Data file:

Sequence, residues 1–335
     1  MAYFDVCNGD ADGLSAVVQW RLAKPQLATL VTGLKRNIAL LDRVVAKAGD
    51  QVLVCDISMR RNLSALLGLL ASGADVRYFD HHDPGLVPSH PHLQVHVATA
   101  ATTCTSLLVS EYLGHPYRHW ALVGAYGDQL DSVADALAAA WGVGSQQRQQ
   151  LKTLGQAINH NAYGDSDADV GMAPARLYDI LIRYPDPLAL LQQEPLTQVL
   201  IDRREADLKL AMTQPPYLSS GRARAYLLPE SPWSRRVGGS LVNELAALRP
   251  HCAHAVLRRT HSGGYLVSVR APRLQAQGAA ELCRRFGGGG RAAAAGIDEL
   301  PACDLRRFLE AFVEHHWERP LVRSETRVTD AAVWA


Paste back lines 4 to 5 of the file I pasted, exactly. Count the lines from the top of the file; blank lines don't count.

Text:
   101  ATTCTSLLVS EYLGHPYRHW ALVGAYGDQL DSVADALAAA WGVGSQQRQQ
   151  LKTLGQAINH NAYGDSDADV GMAPARLYDI LIRYPDPLAL LQQEPLTQVL